Saturday, September 17, 2005

My Kidneys Remain Intact This Moon Festival

Last night, I was up until about 4am playing an online RPG. Yeah, that’s right. I played World of Warcraft and was completely transfixed. I don’t think anyone has ever been aware of the draw that things like that have for me. It isn’t playing the game so much as understanding that so many people play it, and that there’s this whole alternate reality that people have created characters in that really intrigues me. People meet at places in the games, talk to each other, and function in this carefully constructed, virtual universe. I think those games must either be sociologists’ and psychologists’ dreams or nightmares to research. I haven’t decided yet. Regardless, I had fun learning about the game. I stayed up way too late with it, especially considering the appointment for my test shots in the morning quickly approaching.

Donny and I went to lunch with Gene around 11.30, and then headed to try and find Painabao Modeling Agency. I had directions from the scout who found me, and we hoped that they, unlike the directions we usually get from people on the street, might be helpful. It seems like no one knows where anything is around here.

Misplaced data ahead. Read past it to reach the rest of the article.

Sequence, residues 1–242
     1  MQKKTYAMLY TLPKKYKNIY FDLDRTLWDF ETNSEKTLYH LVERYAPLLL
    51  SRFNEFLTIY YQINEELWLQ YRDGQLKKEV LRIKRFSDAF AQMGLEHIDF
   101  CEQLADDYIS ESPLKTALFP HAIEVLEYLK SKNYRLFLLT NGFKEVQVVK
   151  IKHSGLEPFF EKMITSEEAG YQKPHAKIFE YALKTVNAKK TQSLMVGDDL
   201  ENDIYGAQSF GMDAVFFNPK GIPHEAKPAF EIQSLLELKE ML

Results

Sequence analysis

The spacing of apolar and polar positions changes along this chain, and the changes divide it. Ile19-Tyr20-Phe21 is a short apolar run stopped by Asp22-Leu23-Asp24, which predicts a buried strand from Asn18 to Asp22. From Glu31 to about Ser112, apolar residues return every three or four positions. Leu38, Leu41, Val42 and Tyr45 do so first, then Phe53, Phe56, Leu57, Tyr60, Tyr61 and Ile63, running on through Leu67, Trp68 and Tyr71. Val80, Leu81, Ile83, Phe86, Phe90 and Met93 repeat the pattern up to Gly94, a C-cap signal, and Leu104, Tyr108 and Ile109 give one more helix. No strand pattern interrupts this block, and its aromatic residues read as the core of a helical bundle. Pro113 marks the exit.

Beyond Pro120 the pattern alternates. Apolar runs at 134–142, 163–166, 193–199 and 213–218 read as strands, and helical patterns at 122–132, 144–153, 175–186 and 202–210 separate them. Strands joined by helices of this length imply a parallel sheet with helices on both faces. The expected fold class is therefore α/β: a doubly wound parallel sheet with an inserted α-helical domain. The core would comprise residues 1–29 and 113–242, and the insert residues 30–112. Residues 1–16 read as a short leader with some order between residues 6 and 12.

Our cab driver found Peaceful Town, which is where the studio was supposed to be; so, we got out of the cab and started searching on foot. Painabao was supposed to be in building 28. That number was, of course, the only one skipped on the part of the street we were walking on. We stopped in a grocery store, and I asked a guard if he knew where the building was. He told me to try in back.

Of course. In back. Why hadn’t I thought of that? - with all of those numbers on the fronts of buildings on the street where the building was supposed to be? I must have been having an off day.